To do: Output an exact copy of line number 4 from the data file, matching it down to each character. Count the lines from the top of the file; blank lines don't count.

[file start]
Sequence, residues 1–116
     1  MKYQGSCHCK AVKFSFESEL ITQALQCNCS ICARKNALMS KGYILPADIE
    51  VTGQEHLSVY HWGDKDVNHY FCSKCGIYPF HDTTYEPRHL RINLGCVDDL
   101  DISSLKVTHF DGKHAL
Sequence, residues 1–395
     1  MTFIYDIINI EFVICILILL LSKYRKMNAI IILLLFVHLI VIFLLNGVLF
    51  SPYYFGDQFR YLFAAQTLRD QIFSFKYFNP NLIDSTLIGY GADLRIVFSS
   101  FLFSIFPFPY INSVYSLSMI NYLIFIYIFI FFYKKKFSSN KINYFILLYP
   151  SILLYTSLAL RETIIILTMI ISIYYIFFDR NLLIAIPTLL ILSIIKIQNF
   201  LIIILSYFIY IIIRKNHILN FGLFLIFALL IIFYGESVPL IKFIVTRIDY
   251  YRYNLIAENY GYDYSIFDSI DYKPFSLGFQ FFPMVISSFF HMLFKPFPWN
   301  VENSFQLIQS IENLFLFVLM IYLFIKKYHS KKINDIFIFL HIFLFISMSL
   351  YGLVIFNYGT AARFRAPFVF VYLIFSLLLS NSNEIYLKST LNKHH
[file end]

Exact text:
   101  DISSLKVTHF DGKHAL